Friday, 8 December 2017

An evening of vital music making: Reversal of Fortunes

Georg Philipp Telemann
Georg Philipp Telemann
Bach, Telemann; Academy of Ancient Music, Bojan Cicic, Rachel Brown, Rachel Beckett, Alastair Ross; Milton Court Concert Hall
Reviewed by Robert Hugill on Dec 07 2017 Star rating: 5.0
Contrasting works from the two rivals and friends, in an engaging evening of concertos

In 1722, Georg Philipp Telemann applied for the post of Thomaskantor in Leipzig; he was approved and offered the job but declined because his existing employer, the City of Hamburg, gave him a raise (a very modern situation). The post of Thomaskantor eventually went to Leipzig's third choice, one J.S Bach. This story reflects the relative situations of the two composers (who were friends) during their lifetimes; it was Telemann, with his more approachable, graceful style, who was the more famous in complete contrast to nowadays when much of his large surviving output is unknown.

It was this situation which formed the basis for the Academy of Ancient Music's concert at Milton Court Concert Hall on Thursday 7 December 2017, Reversal of Fortune. Directed from the violin by Bojan Cicic, AAM was joined by Rachel Brown (flute and recorder), Rachel Beckett (recorder) and Alastair Ross (harpsichord) to perform Bach's Brandenburg Concertos Nos. 4 & 5, Telemann's Concerto for Flute and Recorder in E minor and Ouverture-suite, 'Burlesque de Don Quixote'.

Bach's Brandenburg Concertos were presented to the Margrave of Brandenburg-Schwedt in 1721, but probably originally written far earlier. Unfortunately the gift does not seem to have elicited the sort of official recognition which Bach would have liked. The concertos themselves represent Bach's response to the Italian concerto genre as publicised by Vivaldi, and it was a very distinctive and personal response, witness the huge harpsichord solo in Brandenburg Concerto no. 5 and the sheer length of the opening movement of Brandenburg Concerto No. 4.

Bach probably envisioned the pieces as large scale chamber music, rather than orchestral works, so AAM's performance of Brandenburg Concerto No. 5 with just single strings was completely apposite.
The result was intimate chamber music, yet with real vitality to the music making. The advantage of the forces was that the balance was near ideal, we needed no special pleading to hear the harpsichord and all three solo instruments, Bojan Cicic on violin, Rachel Brown on flute and Alastair Ross on harpsichord, created a balanced and blended ensemble. The first movement was wonderfully fluid, yet vital with a mellow sound from Brown's flute, and Ross's harpsichord moving from discreet backing to that outrageous cadenza. After the elegant and graceful middle movement we had a perky finale full of engaging rhythms and an expressive sense of forward motion.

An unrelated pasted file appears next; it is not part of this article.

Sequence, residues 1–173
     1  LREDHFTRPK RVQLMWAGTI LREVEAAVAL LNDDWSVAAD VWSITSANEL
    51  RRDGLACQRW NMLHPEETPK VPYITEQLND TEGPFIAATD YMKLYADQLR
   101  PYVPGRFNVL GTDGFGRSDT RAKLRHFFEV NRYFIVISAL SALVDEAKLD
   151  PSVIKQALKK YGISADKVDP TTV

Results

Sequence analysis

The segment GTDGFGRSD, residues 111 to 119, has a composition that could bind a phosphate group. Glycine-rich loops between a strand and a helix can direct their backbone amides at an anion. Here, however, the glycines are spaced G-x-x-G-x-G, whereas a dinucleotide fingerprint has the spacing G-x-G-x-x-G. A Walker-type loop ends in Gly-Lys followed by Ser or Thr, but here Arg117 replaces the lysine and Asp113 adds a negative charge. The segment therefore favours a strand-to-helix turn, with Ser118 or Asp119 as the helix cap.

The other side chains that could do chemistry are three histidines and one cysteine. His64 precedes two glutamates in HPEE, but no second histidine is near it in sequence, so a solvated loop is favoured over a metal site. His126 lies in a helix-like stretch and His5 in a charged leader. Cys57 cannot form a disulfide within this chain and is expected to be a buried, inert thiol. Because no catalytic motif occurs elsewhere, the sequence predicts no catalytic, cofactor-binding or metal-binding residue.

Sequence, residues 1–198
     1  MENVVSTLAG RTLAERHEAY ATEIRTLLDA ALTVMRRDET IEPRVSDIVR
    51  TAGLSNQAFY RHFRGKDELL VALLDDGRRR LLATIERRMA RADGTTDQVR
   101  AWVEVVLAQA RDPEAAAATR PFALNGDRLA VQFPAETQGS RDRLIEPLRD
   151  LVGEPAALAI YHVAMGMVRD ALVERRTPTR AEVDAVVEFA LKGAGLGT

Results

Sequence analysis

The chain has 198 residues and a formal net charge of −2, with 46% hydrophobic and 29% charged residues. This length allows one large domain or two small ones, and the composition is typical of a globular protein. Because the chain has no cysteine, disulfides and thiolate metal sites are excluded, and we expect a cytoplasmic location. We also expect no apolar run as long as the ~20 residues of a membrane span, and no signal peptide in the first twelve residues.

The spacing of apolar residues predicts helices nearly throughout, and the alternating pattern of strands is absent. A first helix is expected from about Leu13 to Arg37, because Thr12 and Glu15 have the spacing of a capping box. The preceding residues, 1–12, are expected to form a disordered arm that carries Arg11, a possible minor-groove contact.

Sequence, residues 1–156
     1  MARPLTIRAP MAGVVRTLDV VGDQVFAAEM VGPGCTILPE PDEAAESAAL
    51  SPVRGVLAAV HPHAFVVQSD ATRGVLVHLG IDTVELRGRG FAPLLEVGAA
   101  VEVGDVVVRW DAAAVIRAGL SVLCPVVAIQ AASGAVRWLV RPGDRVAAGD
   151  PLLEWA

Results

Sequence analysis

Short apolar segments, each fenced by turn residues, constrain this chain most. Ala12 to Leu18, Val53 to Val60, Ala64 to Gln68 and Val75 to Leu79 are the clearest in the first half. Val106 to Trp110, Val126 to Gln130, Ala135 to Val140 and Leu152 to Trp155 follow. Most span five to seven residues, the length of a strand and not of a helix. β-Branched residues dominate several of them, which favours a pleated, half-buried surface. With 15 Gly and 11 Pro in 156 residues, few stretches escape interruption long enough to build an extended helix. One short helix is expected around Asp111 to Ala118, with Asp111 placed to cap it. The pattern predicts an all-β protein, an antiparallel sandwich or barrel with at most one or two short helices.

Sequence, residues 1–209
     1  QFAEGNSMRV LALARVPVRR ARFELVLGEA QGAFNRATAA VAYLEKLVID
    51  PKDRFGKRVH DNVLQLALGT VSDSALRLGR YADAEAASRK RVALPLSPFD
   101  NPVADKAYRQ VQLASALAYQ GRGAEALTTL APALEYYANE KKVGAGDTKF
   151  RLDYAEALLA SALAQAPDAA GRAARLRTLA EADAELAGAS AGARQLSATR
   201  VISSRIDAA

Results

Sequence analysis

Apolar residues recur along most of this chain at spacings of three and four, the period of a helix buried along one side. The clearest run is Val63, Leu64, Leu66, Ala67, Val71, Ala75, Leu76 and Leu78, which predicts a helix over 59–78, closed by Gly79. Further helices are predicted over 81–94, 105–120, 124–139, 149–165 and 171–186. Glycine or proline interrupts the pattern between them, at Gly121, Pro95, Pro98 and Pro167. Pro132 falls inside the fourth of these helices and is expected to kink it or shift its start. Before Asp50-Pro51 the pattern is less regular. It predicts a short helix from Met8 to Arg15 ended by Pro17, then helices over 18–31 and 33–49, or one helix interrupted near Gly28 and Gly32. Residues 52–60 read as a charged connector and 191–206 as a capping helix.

Telemann's Concerto for Flute and Recorder in E minor was a beautifully engaging piece, without perhaps the depth of seriousness of Bach's work. Sonorous repeated string chords at the opening punctuated rhapsodic passages for the two soloists, Rachel Brown on flute and Rachel Beckett on recorder, developed into a texture where flute and recorder undulated in dialogue over throbbing strings, all very seductive. The work was in four movements, slow, fast, slow, fast, and the second movement Allegro was busy and vigorous with showy solo moments, but Telemann's scoring was sonorous too. For the third movement we started with slow string chords and solo violin flourishes, before a dialogue between the two soloists developed over plucked strings. Finally, Telemann's folk influenced finale with its Polish and Moravian 'peasant music ...clad in an Italian coat'. Great fun and played with real verve.

After the interval we had Telemann's characterful Ouverture-suite based on the character of Don Quixote. The opening Ouverture, whilst sticking to the French slow-fast construction, included lots of highly characterful gestures which conveyed the slightly satiric nature of the music. The Don's awakening was a graceful dance, but there was a musette-like drone from the viola hinting at something earthier. His attack on the windmills was fast and furious, played with tremendous verve, and his sighs of love over Dulcinee were delighfully lumpy and uneven. Sancho Panza's swindling was rumbustious and characterful, but the movements describing the two animals, Rosinante and the mule, were more purely descriptive, and we finished with a gentle falling asleep, but still with lively rhythms and another earthy drone. A charming and witty suite which the musicians played with real character.

We finished with Bach's Brandenburg Concerto No. 4, with Bojan Cicic, Rachel Brown and Rachel Beckett as the solo grouping of violin and two recorders. The opening Allegro was full of engaging playing and vital rhythms, with some graceful playing from the soloists. As with the Telemann concerto, Brown and Beckett functioned well together. The second movement contrasted the big tutti moments with the gentler dialogue between the soloists, each giving us some fine virtuoso playing The finale had an engaging vivacty to it, there was tremendous passagework from the soloists, but it all seemed great fun too.

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